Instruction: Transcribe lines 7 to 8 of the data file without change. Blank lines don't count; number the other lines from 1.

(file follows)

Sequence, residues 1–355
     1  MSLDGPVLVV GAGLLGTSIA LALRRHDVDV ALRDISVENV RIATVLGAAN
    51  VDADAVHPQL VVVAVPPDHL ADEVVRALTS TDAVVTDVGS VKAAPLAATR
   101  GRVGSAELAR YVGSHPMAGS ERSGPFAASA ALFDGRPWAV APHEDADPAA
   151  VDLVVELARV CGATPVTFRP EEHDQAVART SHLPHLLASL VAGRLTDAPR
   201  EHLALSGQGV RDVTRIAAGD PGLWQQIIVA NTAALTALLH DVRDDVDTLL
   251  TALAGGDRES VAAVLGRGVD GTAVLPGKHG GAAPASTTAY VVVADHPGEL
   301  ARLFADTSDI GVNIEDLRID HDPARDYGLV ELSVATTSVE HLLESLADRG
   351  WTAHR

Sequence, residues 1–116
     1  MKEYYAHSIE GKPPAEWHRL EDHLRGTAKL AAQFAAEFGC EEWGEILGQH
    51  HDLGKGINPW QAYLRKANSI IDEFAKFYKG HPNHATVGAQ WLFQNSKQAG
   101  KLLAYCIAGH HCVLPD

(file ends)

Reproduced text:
   251  TALAGGDRES VAAVLGRGVD GTAVLPGKHG GAAPASTTAY VVVADHPGEL
   301  ARLFADTSDI GVNIEDLRID HDPARDYGLV ELSVATTSVE HLLESLADRG